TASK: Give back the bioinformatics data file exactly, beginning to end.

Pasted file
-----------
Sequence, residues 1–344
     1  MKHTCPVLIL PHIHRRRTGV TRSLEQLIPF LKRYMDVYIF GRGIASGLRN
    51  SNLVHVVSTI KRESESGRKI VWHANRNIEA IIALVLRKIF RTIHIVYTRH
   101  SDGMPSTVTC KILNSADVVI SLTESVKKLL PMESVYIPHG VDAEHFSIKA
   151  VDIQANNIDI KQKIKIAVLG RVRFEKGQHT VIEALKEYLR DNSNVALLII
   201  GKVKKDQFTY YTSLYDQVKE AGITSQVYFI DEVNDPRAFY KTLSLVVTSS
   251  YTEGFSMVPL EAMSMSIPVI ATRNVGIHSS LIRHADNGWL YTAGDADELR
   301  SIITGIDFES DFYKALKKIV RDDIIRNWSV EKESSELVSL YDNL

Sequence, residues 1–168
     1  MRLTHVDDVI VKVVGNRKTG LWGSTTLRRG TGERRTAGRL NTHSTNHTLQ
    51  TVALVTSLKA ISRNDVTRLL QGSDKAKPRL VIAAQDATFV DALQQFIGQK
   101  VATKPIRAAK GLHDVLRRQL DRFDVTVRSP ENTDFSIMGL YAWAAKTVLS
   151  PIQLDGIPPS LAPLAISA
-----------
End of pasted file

Sequence, residues 1–344
     1  MKHTCPVLIL PHIHRRRTGV TRSLEQLIPF LKRYMDVYIF GRGIASGLRN
    51  SNLVHVVSTI KRESESGRKI VWHANRNIEA IIALVLRKIF RTIHIVYTRH
   101  SDGMPSTVTC KILNSADVVI SLTESVKKLL PMESVYIPHG VDAEHFSIKA
   151  VDIQANNIDI KQKIKIAVLG RVRFEKGQHT VIEALKEYLR DNSNVALLII
   201  GKVKKDQFTY YTSLYDQVKE AGITSQVYFI DEVNDPRAFY KTLSLVVTSS
   251  YTEGFSMVPL EAMSMSIPVI ATRNVGIHSS LIRHADNGWL YTAGDADELR
   301  SIITGIDFES DFYKALKKIV RDDIIRNWSV EKESSELVSL YDNL

Sequence, residues 1–168
     1  MRLTHVDDVI VKVVGNRKTG LWGSTTLRRG TGERRTAGRL NTHSTNHTLQ
    51  TVALVTSLKA ISRNDVTRLL QGSDKAKPRL VIAAQDATFV DALQQFIGQK
   101  VATKPIRAAK GLHDVLRRQL DRFDVTVRSP ENTDFSIMGL YAWAAKTVLS
   151  PIQLDGIPPS LAPLAISA